7. Eucalyptus kraft pulp production: Thermogravimetry monitoring

    Energy Technology Data Exchange (ETDEWEB)

    Barneto, Agustin G., E-mail: agustin.garcia@diq.uhu.es [Chemical Engineering Department, Campus El Carmen, University of Huelva, 21071 Huelva (Spain); Vila, Carlos [Department of Textile and Paper Engineering, Universitat Politecnica de Catalunya, Colom 11, E-08222 Terrassa (Spain); Ariza, Jose [Chemical Engineering Department, Campus El Carmen, University of Huelva, 21071 Huelva (Spain)

    2011-06-10

    Highlights: {yields} Thermogravimetric analysis can be used to monitor the pulping process in a pulp mill. {yields} ECF bleaching process affects the crystalline cellulose volatilization. {yields} The fibre size has an influence on composition and thermal behavior of pulp. - Abstract: Under oxidative environment the thermal degradation of lignocellulosic materials like wood or pulp is sensitive to slight composition changes. For this, in order to complement the chemical and X-ray diffraction results, thermogravimetric analyses (TGA) were used to monitor pulp production in a modern pulp mill. Runs were carried out on crude, oxygen delignified and bleached pulps from three eucalyptus woods from different species and geographical origins. Moreover, with the modeling of thermogravimetric data, it was possible to obtain an approximate composition of samples which includes crystalline and amorphous cellulose. TGA results show that pulping has an intensive effect on bulk lignin and hemicellulose, but it has limited influence on the removal of these substances when they are linked to cellulose microfibril. The stages of oxygen delignification and bleaching, based in chlorine dioxide and hydrogen peroxide, increase the crystalline cellulose volatilization rate. These changes are compatible with a more crystalline microfibril. The influence of the fibre size on pulp composition, crystallinity and thermal degradation behavior was observed.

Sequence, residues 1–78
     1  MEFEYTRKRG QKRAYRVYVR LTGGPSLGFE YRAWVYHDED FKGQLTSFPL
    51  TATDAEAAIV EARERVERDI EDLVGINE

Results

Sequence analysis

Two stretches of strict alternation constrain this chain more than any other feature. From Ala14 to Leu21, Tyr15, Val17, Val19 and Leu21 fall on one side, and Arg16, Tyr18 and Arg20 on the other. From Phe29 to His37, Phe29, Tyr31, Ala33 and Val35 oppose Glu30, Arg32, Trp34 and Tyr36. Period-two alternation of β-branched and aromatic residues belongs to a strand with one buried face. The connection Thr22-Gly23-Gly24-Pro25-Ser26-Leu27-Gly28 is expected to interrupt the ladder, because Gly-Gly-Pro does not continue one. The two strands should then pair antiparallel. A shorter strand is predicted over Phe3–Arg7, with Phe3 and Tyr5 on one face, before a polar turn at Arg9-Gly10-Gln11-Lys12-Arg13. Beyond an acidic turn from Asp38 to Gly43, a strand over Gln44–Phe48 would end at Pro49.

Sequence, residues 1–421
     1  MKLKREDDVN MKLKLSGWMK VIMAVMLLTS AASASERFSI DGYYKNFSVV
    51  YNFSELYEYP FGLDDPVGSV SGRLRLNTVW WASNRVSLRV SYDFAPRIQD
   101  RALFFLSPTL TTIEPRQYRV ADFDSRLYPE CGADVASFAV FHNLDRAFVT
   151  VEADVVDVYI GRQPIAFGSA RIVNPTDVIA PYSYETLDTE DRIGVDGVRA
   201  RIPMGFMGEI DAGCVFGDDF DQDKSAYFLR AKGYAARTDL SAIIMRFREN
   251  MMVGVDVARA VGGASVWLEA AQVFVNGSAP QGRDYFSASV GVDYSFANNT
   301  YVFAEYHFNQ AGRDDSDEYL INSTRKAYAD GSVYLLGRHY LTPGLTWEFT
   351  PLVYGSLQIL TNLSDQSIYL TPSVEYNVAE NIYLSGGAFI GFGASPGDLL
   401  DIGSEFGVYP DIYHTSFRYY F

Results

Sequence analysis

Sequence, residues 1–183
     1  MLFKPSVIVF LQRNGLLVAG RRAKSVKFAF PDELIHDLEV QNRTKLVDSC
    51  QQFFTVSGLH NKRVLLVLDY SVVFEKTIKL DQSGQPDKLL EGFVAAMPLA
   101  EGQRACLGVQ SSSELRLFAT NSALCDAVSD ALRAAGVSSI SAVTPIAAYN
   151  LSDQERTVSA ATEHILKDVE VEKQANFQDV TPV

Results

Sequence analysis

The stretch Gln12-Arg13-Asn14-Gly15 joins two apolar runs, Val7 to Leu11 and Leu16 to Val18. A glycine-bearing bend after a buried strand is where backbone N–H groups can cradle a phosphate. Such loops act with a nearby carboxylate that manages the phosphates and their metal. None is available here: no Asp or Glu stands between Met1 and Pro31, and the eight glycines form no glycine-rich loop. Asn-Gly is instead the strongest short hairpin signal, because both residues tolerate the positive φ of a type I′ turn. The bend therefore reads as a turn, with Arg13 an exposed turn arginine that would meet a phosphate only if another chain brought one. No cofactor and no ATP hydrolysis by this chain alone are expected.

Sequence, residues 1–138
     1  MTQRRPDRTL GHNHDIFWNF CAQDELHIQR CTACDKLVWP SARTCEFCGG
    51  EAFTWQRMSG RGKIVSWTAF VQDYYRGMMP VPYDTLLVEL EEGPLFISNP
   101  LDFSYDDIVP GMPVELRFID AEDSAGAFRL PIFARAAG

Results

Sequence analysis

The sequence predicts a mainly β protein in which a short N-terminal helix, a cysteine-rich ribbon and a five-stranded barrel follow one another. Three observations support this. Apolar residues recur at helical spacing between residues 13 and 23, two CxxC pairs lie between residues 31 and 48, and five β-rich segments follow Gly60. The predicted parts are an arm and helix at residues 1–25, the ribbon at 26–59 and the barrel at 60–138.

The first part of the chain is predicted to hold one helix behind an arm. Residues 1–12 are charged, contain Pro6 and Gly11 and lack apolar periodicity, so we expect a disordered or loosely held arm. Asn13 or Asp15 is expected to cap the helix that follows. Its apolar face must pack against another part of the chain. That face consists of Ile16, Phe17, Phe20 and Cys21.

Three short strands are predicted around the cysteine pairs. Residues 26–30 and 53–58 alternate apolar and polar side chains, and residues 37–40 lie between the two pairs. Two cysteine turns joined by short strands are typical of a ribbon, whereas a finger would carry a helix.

8. Secagem de madeira serrada de Eucalyptus viminalis.

    Directory of Open Access Journals (Sweden)

    Emanuel C. E. Rozas M.

    2009-09-01

    Full Text Available Normal 0 21 false false false MicrosoftInternetExplorer4 Neste estudo foi avaliado um programa de secagem para madeira de Eucalyptus viminalis de 25,0 mm de espessura, de duas árvores previamente aneladas (antes da derrubada e na confecção dos torretes e posteriormente vaporizadas. O programa de secagem constou de três diferentes fases de vaporização, sendo uma inicial de duas horas, para acelerar o processo de secagem, uma vaporização intermediária de quatro horas, para recuperação do colapso e uma vaporização final de uma hora, para diminuir o gradiente de umidade e as tensões de secagem, todas realizadas a 100ºC. Os bons resultados obtidos com o programa de secagem aplicado permitiu um aproveitamento de 72% da madeira (livre de defeitos. Estes resultados positivos podem ser atribuídos à aplicação de um programa de secagem gradual, às diferentes vaporizações a que a madeira foi submetida, como também ao fato de ter-se aplicado a técnica de anelamento e vaporização.